Overall, what are the best practices employers should use when they do find a positive case in their business, especially among their workforce?

The same things that everyone has been saying. First, regular testing. Second, when someone does test positive, multilevel contact tracing. Third, isolate both affected and potentially affected employees. And finally, throughout the process, support everyone so that there is no fear of coming forward with a positive test rather relevant information.

Could you elaborate a little on what sort of support employees need when it comes to such circumstances?

First, they need to know that it is a good thing in the eyes of the employer that the employee comes forward. There can’t be any kind of element of punishment or fear associated with someone coming forward. Secondly, depending on the circumstances of the employee, they will need varying degrees of support for quarantine, or for other measures they need to take. So, do they have childcare responsibilities? Do they have elderly relatives at home? Employees need holistic support, and employers should be cognizant of that. Finally, and relatedly, employees shouldn’t be punished economically or otherwise for coming forward.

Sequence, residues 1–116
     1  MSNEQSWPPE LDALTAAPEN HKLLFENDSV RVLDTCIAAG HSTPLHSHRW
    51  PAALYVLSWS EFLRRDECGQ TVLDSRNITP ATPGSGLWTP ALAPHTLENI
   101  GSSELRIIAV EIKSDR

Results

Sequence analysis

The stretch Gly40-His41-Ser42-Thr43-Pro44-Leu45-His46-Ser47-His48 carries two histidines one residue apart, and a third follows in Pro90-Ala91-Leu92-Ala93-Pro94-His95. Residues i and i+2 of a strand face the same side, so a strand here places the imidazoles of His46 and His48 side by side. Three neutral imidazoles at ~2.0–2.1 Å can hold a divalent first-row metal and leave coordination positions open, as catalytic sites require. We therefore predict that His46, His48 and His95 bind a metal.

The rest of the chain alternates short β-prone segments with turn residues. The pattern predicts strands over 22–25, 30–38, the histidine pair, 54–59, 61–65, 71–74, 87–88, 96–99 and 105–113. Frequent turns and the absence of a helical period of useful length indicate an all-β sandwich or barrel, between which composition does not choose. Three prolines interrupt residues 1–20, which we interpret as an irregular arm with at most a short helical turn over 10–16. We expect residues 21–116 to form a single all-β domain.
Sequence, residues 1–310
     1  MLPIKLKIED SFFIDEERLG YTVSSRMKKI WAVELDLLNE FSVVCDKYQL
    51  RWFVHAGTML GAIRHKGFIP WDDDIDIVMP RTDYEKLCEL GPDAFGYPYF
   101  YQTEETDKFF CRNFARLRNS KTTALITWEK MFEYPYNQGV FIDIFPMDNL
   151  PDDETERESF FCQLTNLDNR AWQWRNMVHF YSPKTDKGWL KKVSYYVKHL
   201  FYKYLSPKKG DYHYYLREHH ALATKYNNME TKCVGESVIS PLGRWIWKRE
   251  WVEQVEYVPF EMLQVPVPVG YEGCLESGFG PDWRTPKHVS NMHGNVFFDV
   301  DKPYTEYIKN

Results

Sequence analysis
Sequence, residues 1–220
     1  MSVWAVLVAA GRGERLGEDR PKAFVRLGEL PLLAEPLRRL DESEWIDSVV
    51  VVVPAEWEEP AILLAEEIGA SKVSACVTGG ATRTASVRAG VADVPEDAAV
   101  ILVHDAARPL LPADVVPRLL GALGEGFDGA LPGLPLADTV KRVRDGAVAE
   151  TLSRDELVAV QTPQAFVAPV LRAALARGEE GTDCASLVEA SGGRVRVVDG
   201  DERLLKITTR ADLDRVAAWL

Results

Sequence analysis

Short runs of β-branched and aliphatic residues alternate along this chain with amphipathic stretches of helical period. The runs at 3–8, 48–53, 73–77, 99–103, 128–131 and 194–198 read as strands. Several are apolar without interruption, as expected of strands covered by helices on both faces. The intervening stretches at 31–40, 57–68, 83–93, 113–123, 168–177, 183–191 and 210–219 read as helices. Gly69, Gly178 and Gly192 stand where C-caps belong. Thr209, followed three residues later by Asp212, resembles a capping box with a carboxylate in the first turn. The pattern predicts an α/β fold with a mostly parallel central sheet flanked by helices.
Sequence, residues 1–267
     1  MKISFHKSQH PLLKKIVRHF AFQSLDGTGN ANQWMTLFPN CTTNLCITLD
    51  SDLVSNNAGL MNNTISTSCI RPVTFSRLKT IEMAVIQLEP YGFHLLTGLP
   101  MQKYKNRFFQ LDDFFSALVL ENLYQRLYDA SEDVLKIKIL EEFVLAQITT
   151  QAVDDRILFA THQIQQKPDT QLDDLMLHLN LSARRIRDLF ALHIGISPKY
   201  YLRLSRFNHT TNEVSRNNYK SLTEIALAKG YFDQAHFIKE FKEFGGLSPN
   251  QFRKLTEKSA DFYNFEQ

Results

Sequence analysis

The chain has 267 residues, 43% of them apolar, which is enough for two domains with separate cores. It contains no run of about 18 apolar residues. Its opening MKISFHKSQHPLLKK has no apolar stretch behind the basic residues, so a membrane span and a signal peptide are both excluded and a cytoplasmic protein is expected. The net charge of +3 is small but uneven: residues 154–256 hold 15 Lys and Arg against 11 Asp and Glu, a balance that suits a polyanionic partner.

If you work in a company that is hiding positive cases and you are aware of that, what can you do to keep them accountable?

The answer is different whether you work in management or if you are an employee reporting to management. If you work in management, you should make it an issue if it isn’t already an issue. If you don’t have contingency plans already in place, you should bring this up with colleagues, even if it annoys them or if they don’t want this discussion to occur. History will most likely smile on your actions, so being temporarily unpopular perhaps doesn’t matter so much.